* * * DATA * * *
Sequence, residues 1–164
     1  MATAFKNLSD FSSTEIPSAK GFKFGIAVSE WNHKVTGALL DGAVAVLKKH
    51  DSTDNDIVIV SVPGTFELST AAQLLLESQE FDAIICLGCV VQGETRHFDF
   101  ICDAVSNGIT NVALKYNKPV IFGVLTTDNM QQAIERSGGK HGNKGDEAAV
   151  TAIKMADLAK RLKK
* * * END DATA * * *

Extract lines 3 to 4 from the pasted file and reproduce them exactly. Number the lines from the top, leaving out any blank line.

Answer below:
    51  DSTDNDIVIV SVPGTFELST AAQLLLESQE FDAIICLGCV VQGETRHFDF
   101  ICDAVSNGIT NVALKYNKPV IFGVLTTDNM QQAIERSGGK HGNKGDEAAV